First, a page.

The District have responded with some venom to the news of a centralization of Conservation Officers.
As was reported in last week’s Gazette, the COS have restructured their staff distribution on the North Island. One position in Port McNeill has been moved to Black Creek leaving a single officer north of Campbell River.
Acting Inspector Ben York sent a letter to councils on the North Island explaining the rationale behind the move but the District have responded with a scathing letter to the Hon. Terry Lake, Minister of the Environment, making their position unambiguously clear.
York had explained that the COS uses a zoning system, with the area north of Fanny Bay considered a single zone. This zone has five field officers assigned to the area with the new distribution seeing one officer operating out of Port McNeill with the remaining four stationed in Black Creek.
York explained that this decision was based on “the safety and well being of our officers” and the move to centralize was taken in conjunction with a review of the location and type of calls that the service received.
The District’s letter slated the decision on all levels, saying that it will “undermine the capacity of rural British Columbians to live safely.”
The letter roundly criticized the policy of centralization as a whole, arguing that the concept is abused whenever managers come under pressure to cut costs. Rural communities bear the brunt of these cost-cutting measures, they argue, with reduced services and the forced urban migration of rural public-service workers.
The District see the decision as symptomatic of a disparate view of the North Island. They point to the fact that the bulk of the officers responsible for the North Island will now reside in the geographic south as evidence.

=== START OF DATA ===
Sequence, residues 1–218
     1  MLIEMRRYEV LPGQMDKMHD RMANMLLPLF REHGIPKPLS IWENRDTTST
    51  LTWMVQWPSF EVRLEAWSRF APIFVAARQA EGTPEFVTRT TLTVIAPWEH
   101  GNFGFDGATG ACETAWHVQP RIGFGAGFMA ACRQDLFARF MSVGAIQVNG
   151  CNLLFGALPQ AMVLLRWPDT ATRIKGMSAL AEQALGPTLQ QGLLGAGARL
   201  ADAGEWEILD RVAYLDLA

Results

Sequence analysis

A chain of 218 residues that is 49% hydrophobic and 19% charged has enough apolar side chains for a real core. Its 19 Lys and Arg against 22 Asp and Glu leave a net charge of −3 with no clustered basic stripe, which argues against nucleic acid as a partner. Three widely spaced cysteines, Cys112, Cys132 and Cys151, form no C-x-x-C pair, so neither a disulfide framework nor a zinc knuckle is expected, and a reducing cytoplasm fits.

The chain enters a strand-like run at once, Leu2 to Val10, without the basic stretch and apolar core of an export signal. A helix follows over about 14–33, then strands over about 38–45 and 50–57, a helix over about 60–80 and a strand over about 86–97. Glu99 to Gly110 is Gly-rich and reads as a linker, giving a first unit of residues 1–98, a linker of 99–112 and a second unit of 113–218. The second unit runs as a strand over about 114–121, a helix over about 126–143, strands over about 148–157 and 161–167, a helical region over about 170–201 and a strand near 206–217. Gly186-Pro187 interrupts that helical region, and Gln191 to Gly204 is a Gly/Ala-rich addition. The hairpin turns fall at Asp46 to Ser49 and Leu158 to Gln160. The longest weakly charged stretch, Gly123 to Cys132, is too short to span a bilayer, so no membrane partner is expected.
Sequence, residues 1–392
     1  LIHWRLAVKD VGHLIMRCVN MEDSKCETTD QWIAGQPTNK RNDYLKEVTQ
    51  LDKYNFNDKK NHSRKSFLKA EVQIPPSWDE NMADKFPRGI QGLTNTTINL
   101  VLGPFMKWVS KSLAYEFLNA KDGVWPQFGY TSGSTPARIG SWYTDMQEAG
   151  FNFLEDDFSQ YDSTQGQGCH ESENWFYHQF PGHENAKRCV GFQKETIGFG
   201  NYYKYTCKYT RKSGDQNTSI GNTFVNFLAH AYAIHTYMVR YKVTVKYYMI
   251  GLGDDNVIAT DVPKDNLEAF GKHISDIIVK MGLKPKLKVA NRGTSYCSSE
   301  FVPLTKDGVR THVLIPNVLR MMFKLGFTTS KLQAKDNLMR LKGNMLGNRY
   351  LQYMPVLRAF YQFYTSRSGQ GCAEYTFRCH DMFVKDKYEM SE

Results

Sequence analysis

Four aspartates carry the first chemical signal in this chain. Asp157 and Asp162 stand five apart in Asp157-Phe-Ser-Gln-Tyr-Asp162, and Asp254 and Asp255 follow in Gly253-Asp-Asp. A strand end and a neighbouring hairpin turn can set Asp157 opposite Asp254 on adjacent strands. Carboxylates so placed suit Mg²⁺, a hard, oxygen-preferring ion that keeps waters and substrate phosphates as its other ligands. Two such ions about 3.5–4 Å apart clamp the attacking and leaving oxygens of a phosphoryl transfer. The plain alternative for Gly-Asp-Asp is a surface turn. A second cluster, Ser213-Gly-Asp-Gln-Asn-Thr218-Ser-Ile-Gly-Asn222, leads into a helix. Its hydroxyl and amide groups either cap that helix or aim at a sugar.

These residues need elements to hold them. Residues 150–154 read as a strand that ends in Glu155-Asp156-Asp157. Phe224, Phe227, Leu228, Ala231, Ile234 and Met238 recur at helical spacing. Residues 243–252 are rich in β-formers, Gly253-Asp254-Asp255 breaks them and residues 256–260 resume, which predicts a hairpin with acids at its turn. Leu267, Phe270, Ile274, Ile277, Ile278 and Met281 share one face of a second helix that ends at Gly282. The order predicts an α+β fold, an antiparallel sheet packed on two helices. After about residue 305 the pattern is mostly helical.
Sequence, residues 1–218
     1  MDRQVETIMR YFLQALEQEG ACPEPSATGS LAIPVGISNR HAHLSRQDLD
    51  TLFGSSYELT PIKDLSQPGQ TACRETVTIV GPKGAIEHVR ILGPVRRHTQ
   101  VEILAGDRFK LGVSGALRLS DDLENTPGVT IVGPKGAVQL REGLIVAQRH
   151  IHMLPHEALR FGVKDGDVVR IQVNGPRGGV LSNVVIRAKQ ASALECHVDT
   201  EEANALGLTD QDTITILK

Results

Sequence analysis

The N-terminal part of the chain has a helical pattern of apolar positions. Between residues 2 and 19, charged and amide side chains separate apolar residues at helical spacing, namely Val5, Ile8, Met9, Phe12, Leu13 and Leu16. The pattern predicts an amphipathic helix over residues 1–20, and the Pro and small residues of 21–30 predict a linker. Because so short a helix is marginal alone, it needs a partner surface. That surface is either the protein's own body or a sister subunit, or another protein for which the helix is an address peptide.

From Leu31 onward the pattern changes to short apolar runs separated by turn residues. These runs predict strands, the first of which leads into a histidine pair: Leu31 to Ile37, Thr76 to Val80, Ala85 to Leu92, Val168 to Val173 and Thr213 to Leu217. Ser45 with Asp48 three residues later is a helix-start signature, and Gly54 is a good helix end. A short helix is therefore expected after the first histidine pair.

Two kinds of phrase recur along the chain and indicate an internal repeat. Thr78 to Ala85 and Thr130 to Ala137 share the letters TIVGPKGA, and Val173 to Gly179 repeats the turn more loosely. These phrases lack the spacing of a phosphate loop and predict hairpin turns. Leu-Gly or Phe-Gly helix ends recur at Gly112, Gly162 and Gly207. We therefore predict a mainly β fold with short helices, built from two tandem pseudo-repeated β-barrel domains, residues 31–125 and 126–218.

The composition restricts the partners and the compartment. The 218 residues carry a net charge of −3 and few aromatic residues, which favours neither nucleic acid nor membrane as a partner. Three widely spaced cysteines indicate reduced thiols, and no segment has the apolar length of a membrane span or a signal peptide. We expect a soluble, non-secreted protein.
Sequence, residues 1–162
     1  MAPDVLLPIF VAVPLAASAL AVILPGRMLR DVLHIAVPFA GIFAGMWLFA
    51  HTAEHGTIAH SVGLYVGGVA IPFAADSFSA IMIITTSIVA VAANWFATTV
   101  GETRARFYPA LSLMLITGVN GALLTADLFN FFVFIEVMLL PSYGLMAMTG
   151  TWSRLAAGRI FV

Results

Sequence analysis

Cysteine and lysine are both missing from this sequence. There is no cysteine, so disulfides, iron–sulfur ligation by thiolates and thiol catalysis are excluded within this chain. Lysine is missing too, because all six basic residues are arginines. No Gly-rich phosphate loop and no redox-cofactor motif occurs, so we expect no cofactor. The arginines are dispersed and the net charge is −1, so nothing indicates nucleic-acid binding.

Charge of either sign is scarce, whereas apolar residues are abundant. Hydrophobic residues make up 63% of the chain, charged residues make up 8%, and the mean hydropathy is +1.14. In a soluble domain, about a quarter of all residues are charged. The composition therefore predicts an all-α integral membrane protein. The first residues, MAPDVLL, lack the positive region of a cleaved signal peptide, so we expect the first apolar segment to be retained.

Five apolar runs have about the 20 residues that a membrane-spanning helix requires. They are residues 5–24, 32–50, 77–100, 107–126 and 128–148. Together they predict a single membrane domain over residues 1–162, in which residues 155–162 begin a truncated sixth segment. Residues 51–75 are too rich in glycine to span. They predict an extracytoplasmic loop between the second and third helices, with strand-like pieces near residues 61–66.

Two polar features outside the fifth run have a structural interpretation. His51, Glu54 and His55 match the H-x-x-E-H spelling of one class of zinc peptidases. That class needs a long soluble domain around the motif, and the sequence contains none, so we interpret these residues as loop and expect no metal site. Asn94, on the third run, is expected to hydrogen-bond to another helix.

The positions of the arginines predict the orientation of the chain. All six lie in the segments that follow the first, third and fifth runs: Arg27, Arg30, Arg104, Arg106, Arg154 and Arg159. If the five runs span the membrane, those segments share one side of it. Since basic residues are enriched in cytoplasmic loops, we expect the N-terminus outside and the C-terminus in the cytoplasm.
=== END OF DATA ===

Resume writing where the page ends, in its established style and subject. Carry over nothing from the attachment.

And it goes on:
They voice their frustration at the “spatial dysfunction” of consolidating public service workers, who are hired to serve the North Island but are stationed in the Comox Valley, and argue that rural northern communities are the ones that suffer the most from this “self before service” policy.
The letter questions the rationale and the assurances given by York. The District point out that, given the lower population density and higher familiarity with wildlife, the fewer number of calls from North Island residents does not translate to lower incidences of human/wildlife interaction.
In fact, they argue, since the North Island has the highest density of cougars in North America, a healthy black bear population and high levels of hunting and fishing, the assignment of so large an area to one individual risks turning the area into “an unregulated wild west.”
The claim that the safety and well-being of officers was taken into was also called into question, with the District wondering how the safety of the officer in Port McNeill was enhanced by having no colleagues within 250 km when basic rural safety protocol dictates traveling in pairs. The local partners like the RCMP, they argued, cannot always be available to assist, and they insist that a serious incident stemming from a lone operator is all but inevitable.
In closing, the District advise North Island residents to call the wildlife hotline if they spot a Conservation Officer, now the most endangered species on north Vancouver Island.
View the letter in it’s entirety here.